In our re-releases it is our aim to faithfully reproduce the original intentions of the musicians and recording engineers which, however, could not be realised at the time due to technical limitations. Faithfulness to the original is our top priority, not the interpretation of the original: there is no such thing as a “Speakers Corner Sound”. Naturally, the best results are obtained when the original master is used. Therefore we always try to locate these and use them for cutting. Should this not be possible, – because the original tape is defective or has disappeared, for example – we do accept a first-generation copy. But this remains an absolute exception for us.
Who cuts the records?
In order to obtain the most faithful reproduction of the original, we have the lacquers cut on the spot, by engineers who, on the whole, have been dealing with such tapes for many years. Some are even cut by the very same engineer who cut the original lacquers of the first release. Over the years the following engineers have been and still are working for us: Tony Hawkins, Willem Makkee, Kevin Gray, Maarten de Boer, Scott Hull, and Ray Staff, to name but a few.
At the beginning of the ‘90s, in the early days of audiophile vinyl re-releases, the reissue policy was fairly straightforward. Companies such as DCC Compact Classics, Mobile Fidelity, Classic Records and others, including of course Speakers Corner, all maintained a mutual, unwritten code of ethics: we would manufacture records sourced only from analogue tapes.
Vinyl’s newfound popularity has led many other companies to jump on the bandwagon in the hope of securing a corner of the market. Very often they are not so ethical and use every imaginable source from which to master: CDs, LPs, digital files and even MP3s.
Even some who do use an analogue tape source employ a digital delay line, a misguided ’80s and ‘90s digital technology that replaces the analogue preview head originally used to “tell” the cutter head in advance what was about to happen musically, so it could adjust the groove “pitch” (the distance between the grooves) to make room for wide dynamic swings and large low frequency excursions. Over time analogue preview heads became more rare and thus expensive.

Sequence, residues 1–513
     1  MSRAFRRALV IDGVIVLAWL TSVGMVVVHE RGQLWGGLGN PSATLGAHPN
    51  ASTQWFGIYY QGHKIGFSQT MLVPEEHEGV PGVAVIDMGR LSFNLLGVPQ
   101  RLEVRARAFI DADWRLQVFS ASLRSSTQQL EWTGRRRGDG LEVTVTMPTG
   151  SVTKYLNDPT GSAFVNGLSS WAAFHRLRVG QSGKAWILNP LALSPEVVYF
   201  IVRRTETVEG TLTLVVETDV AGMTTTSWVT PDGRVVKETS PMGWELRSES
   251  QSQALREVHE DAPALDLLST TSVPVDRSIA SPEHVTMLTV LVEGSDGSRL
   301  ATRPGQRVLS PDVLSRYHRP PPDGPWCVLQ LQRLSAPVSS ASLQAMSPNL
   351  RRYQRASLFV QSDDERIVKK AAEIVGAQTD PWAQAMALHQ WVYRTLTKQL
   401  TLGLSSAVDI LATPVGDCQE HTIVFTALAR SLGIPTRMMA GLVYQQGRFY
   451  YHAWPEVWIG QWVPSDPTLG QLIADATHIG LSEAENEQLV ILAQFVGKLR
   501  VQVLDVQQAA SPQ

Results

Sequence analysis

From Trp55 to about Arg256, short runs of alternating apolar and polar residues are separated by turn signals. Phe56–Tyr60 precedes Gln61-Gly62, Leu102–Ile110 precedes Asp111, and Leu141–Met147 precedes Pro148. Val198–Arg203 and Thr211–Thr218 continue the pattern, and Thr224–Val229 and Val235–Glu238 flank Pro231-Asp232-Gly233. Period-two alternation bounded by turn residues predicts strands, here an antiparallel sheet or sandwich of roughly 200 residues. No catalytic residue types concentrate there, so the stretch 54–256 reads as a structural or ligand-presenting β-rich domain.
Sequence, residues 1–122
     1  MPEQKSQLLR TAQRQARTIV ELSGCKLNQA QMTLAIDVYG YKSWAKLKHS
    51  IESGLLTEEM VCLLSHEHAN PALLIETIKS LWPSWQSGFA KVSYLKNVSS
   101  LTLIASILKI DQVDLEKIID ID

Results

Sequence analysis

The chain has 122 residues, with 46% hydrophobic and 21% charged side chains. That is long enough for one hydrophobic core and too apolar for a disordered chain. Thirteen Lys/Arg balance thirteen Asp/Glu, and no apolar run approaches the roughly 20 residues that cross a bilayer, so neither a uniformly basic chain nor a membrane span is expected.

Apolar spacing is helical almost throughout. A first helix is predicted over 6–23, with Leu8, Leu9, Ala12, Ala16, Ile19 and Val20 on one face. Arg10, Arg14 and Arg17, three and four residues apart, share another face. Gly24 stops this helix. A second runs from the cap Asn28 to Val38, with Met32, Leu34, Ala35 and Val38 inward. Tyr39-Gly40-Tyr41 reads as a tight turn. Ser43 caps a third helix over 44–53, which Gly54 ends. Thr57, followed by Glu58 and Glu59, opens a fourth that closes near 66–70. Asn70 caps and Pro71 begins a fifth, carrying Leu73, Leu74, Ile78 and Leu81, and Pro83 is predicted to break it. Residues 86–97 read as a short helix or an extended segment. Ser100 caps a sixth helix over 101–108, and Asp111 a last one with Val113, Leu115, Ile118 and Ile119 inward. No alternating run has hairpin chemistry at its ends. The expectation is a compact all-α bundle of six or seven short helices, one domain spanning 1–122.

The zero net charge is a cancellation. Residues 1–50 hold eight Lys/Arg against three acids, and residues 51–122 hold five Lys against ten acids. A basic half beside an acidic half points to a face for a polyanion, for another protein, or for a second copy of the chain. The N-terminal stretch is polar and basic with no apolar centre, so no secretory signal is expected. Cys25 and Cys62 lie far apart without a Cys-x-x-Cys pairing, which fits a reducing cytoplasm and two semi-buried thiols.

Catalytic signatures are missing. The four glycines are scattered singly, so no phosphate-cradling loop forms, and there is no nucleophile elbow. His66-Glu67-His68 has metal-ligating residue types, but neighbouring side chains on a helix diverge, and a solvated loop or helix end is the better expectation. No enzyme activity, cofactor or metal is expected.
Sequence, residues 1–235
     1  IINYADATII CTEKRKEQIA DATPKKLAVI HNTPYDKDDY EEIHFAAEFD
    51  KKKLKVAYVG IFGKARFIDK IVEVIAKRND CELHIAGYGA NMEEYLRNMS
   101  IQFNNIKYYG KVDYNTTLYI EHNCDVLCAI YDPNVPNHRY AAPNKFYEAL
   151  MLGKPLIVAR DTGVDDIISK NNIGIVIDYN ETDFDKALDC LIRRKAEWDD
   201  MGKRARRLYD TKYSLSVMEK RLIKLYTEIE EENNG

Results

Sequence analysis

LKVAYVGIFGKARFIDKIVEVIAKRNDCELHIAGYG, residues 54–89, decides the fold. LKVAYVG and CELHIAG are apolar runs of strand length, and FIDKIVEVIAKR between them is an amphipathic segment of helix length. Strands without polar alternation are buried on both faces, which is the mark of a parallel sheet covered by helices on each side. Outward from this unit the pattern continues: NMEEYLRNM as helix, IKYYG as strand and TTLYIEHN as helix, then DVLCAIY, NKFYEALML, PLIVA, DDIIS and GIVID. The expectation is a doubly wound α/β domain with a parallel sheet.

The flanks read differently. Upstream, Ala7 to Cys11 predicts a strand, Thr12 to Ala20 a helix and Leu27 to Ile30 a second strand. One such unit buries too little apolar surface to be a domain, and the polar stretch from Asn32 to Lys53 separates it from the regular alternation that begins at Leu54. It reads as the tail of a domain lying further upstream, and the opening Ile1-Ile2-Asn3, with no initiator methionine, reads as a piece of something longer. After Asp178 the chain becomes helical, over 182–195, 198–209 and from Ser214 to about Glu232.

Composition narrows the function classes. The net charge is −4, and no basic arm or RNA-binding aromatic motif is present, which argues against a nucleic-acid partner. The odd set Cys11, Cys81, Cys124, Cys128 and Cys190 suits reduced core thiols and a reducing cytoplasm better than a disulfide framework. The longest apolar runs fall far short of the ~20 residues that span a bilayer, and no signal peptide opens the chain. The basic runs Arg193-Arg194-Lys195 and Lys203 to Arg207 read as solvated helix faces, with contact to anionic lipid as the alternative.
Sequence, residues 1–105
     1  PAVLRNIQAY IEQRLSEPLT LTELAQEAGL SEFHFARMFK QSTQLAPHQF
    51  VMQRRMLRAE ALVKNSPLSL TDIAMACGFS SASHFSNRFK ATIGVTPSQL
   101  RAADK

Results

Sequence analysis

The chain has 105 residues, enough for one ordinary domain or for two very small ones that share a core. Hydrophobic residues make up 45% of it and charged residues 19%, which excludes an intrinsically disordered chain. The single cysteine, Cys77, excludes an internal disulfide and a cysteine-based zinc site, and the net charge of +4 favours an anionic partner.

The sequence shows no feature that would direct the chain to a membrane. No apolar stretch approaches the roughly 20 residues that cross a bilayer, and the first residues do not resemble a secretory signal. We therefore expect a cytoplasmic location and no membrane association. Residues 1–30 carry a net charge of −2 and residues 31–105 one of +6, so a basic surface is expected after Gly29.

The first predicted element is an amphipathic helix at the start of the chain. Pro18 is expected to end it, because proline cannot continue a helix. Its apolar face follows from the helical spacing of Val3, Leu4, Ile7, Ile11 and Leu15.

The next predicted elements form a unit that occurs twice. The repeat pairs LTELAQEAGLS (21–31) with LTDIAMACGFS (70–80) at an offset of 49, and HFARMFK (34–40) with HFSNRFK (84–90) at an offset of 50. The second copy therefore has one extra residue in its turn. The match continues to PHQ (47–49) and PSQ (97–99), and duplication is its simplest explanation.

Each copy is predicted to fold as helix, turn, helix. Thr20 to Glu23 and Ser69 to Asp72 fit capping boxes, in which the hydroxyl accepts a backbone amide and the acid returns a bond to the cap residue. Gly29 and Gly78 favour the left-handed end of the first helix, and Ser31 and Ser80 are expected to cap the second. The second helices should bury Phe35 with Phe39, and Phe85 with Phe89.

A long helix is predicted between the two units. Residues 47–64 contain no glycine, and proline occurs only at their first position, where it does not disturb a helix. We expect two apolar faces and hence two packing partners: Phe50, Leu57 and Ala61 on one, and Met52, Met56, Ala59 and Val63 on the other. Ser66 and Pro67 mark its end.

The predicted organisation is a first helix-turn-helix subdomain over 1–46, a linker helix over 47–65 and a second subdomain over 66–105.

So while the low bit rate (less resolution than a 16 bit CD) digital delay line is less expensive and easier to use than an analogue “preview head”, its use, ironically, results in lacquers cut from the low bit rate digital signal instead of from the analogue source!
Speakers Corner wishes to make clear that it produces lacquers using only original master tapes and an entirely analogue cutting system. New metal stampers used to press records are produced from that lacquer. The only exceptions are when existing metal parts are superior to new ones that might be cut, which includes our release of “Elvis is Back”, which was cut by Stan Ricker or several titles from our Philips Classics series, where were cut in the 1990s using original master tapes by Willem Makkee at the Emil Berliner Studios. In those cases we used only the original “mother” to produce new stampers.
In addition, we admit to having one digital recording in our catalogue: Alan Parsons’ “Eye in the Sky”, which was recorded digitally but mixed to analogue tape that we used to cut lacquers.
In closing, we want to insure our loyal customers that, with but a few exceptions as noted, our releases are “AAA”— analogue tape, an all analogue cutting system, and newly cut lacquers.
60 Years Pallas
Audiophile Vinyl - Made in Germany For over 60 years the family business in the third generation of the special personal service and quality "Made by Pallas" is known worldwide. Our custom PVC formulation produces consistently high pressing quality with the lowest surface noise in the industry. Our PVC complies with 2015 European environmental standards and does not contain toxic materials such as Lead, Cadmium or Toluene. Our vinyl is both audiophile and eco-grade!